11 February 2016

Taverns, Public Houses, and Pubs once central to neighborhoods are mostly pieces of history now ...

Taverns or related always have a fond place in my heart and it’s not because I’ve spent a lot of time in them.  It’s because it’s the one bit of history I learned about my husband’s family that he found interesting.  I discovered a Welsh ancestor had owned a pub.

“The Old Parish Public Houses Past and Present II” John Lyons, 1987.

Horse and Groom, 128 Commercial Street, Maesteg
The Original licensed house of this name dates back at least to 1841.
Cardiff & Merthyr Guardian, 9th August 1845

A convivial meeting called a Pie (Pye) was held at the Horse and Groom, Maesteg. Many young persons congregated in a room over the brew house. In the brew house there was a large boiler of scalding water when suddenly the floor gave way but the boards on the floor wedged themselves into a shape of a “V”. No one was scalded, only slight injuries occurred. An Irishman who was a spectator to the whole event stated “That they had escaped death by the will of God.”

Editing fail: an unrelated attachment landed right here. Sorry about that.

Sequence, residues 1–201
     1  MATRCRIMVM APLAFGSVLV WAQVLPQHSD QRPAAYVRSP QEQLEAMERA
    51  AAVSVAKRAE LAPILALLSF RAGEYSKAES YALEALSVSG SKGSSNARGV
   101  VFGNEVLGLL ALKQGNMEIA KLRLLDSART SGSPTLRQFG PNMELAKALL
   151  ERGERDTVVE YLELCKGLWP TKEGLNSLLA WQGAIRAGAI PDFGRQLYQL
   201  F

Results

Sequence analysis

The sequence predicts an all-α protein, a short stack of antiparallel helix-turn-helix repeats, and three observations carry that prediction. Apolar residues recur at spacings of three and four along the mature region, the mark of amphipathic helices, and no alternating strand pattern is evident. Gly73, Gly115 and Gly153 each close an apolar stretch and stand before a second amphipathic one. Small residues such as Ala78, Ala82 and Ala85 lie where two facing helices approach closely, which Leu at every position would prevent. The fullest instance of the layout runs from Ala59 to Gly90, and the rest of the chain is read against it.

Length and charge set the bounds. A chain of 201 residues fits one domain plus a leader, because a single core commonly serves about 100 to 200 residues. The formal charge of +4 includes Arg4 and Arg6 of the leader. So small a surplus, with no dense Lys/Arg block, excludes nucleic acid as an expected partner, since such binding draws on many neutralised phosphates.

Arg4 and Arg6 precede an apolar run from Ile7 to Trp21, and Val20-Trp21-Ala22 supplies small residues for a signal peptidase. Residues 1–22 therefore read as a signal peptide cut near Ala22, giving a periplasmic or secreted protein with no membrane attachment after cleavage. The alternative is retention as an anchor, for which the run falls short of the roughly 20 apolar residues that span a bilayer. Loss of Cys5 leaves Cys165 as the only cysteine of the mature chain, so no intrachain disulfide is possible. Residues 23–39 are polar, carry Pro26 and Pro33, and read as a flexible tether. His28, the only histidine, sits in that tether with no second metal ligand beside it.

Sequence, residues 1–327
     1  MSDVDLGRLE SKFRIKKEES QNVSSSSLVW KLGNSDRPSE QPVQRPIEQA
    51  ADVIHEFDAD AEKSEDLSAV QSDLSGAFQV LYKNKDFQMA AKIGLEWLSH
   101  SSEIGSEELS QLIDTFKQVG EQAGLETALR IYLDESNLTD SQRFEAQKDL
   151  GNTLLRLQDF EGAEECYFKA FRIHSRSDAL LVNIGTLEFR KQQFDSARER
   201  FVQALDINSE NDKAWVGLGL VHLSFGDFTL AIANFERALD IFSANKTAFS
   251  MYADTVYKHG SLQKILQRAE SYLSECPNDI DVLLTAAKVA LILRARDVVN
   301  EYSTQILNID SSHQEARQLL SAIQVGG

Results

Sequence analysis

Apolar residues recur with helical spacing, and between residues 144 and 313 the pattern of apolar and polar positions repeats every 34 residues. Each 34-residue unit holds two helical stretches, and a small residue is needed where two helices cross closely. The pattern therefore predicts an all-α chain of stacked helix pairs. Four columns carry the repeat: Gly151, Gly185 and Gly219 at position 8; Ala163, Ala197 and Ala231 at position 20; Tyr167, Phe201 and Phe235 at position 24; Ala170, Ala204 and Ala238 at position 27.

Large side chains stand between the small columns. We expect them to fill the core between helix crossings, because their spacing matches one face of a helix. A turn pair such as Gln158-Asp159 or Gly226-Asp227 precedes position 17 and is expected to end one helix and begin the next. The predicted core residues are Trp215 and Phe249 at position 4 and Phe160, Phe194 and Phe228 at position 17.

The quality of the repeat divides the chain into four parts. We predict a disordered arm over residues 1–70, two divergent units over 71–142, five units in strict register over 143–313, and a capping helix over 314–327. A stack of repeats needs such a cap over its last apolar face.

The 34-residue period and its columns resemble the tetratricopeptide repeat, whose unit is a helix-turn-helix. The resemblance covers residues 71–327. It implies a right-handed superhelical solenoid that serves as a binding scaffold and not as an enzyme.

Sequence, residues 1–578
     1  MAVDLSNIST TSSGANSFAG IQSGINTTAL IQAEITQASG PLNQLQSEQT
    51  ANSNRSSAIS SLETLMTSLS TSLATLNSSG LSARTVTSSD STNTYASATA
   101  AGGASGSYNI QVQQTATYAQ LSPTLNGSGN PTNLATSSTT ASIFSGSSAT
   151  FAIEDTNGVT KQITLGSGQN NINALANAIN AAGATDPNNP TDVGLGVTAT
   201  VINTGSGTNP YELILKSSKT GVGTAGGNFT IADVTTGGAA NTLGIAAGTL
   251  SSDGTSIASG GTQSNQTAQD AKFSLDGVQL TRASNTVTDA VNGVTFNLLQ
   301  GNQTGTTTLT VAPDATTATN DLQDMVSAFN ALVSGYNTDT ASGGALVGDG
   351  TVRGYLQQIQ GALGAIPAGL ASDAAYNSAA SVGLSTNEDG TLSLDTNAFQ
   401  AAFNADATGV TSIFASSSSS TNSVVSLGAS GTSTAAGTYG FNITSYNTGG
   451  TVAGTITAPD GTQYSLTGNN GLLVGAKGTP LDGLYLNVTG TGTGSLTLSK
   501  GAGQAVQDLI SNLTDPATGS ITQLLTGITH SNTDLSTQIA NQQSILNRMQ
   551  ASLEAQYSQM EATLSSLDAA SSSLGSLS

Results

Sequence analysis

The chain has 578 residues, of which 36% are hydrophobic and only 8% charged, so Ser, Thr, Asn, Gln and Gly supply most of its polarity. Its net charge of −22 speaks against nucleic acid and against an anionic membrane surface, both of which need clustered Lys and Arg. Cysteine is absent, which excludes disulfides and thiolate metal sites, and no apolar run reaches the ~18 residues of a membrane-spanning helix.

In 1846 Charles Lewton Brains married Jane Hutchinson, whose father James Hutchinson was a publican, and later kept the old Farmers Arms, Maesteg.

Charles Lewton (dropping the name Braine) went on to keep the Horse and Groom. He died in 1868. [per my own research, his wife continued to run the establishment]

I recently came across an article about a related collection held in Connecticut,  Exploring America’s Largest Collection of Early Tavern Signs.  

The signage, though, was a rather difficult design challenge. While today restaurants and bars are often easily identifiable by the form and shape of their buildings, historic watering holes were virtually indistinguishable from the private residences on either side of them: They were literally public houses. The painted and carved saloon signs hanging outside would signpost to visitors that food, drinks and lodging were to be had inside. 

This reminded me that there is a lineage society, The Flagon and Trencher: Descendants of colonial Tavern Keepers.

There is also a database dedicated to documenting “The Lost Pubs” of England.

Is there something comparable for the US?

The only “taverns” I have been in are Gadby’s Tavern in Alexandria VA and I think all the taverns in Colonial Williamsburg.

Have you dined in taverns that recreate an 18th century experience?

Were your ancestors publicans, tavern keepers or related?

What are the best resources for researching those who owned taverns, public houses, and related?

Editor's Note: The Horse and Groom is now a pizza place.

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